To this day, I feel that I failed my students in those first two years. I was not prepared to serve Black students as a white person. I did not have the training or the perspective necessary to serve them effectively. I may have had good intentions, but that wasn’t enough. Since I didn’t feel I had access to the tools or training necessary in the moment to do right by those students, I took a different teaching job in Lebanon, Indiana, a rural and largely white area northwest of Indianapolis.

Educational inequity was obvious during my time teaching in IPS, but my experience in Lebanon opened my eyes to forms of educational inequity that went beyond race. The pandemic hit soon after I started teaching there and I began to see the inequities that were present in my school that had nothing to do with race, like technology access. Socioeconomic status was another huge divide for my kids, with income having a big influence on how successful students were based on the support and resources they received at home.

After a few years teaching in Lebanon, I hit another crossroads and yet again found myself wanting to give back, but feeling stymied by the role I had and its ability to make the kind of difference I hoped to. That’s when my wife convinced me to go back to grad school. I was accepted into American University’s Educational Leadership and Public Policy program. That felt like a combination of my passions for political advocacy work and education that might lead to the impact I was looking for while helping me develop a culturally-informed lens I could lean on in my future work.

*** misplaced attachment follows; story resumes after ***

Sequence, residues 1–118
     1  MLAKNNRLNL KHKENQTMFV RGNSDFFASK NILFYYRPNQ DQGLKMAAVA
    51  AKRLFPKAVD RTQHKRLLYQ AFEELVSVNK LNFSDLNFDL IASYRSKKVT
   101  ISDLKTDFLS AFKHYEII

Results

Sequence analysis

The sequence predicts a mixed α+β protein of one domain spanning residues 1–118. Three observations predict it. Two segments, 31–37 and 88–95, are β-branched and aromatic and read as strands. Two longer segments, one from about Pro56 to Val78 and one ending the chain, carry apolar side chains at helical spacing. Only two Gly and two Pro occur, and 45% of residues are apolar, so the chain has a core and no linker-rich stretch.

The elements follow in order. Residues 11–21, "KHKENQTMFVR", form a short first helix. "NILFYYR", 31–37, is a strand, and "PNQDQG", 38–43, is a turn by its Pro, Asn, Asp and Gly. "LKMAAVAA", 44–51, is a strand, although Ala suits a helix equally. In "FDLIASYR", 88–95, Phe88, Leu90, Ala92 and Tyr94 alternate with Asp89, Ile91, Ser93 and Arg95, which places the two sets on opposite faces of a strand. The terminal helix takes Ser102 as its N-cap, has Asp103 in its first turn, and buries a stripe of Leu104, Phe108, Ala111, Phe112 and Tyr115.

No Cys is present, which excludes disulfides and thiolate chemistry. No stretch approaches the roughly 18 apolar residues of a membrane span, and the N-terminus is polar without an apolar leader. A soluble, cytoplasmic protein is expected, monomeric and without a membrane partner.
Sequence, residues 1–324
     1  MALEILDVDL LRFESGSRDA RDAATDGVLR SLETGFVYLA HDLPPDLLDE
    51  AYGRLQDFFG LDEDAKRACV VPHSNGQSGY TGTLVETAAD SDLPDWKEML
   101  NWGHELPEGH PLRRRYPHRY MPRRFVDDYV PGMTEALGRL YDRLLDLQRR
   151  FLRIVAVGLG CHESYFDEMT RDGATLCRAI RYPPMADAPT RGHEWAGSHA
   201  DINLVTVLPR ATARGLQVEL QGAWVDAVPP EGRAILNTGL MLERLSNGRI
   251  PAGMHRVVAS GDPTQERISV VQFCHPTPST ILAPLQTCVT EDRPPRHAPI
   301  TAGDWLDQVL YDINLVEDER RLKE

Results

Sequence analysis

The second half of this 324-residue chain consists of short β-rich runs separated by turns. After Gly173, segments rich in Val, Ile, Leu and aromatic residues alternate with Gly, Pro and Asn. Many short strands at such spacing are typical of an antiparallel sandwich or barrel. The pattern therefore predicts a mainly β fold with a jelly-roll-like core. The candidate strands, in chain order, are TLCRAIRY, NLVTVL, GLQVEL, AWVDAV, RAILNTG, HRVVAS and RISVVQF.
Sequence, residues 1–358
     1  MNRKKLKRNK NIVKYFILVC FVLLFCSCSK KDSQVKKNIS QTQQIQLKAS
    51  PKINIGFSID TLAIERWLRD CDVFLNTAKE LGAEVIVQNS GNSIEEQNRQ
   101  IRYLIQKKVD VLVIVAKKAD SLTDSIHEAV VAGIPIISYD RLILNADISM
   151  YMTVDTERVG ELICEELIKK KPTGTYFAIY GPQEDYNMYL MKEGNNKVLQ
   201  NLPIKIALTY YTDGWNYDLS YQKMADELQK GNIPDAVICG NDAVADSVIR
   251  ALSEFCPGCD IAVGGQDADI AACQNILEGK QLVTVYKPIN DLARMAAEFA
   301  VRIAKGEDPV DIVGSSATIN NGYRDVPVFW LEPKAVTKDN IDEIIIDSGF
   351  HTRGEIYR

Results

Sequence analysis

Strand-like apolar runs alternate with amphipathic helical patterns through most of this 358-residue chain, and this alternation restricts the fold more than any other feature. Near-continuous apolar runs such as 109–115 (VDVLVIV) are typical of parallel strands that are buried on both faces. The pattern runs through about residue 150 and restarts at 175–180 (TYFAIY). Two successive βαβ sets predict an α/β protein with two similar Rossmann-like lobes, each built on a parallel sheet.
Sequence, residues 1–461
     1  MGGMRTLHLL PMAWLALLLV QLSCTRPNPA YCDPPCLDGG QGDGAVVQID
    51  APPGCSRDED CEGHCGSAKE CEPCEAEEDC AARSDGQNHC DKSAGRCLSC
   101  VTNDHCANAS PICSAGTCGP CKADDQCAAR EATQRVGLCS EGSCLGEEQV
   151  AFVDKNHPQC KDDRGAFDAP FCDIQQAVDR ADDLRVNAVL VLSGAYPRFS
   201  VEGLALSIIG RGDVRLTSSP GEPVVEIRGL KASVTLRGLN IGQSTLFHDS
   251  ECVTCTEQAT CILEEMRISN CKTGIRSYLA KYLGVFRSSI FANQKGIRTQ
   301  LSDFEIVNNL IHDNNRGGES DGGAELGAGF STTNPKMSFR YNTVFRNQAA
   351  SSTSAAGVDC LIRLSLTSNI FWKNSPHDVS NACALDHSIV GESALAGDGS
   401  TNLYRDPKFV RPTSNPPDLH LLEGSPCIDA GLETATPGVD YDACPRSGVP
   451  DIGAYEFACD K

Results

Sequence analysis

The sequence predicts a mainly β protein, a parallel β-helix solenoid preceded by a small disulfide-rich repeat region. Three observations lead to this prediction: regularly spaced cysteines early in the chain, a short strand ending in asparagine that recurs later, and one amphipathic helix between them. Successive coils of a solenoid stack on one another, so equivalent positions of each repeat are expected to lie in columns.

From Traditional Public School Die-Hard to Charter Advocate

As a traditional public school teacher, I had a pretty low opinion of charter schools when I entered grad school. But the people I met in my program and the experiences I had there really transformed my opinion of them. I began to see the potential that charter schools were designed to take advantage of, especially the ways charter schools were benefiting marginalized students. 

Here’s one example. Curricular freedom and flexibility is a key element of charter schools. When I was working in traditional public schools, I had to use the curriculum I was given. Moreover, I know my leadership was simply telling me to use the curriculum I was given based on decisions that were made at the district level. I was often straitjacketed by what I was supposed to give to students when I taught in public schools. Meanwhile, public charter schools can leverage real autonomy to make curriculum decisions from a place of considering exactly what students need to succeed and thrive.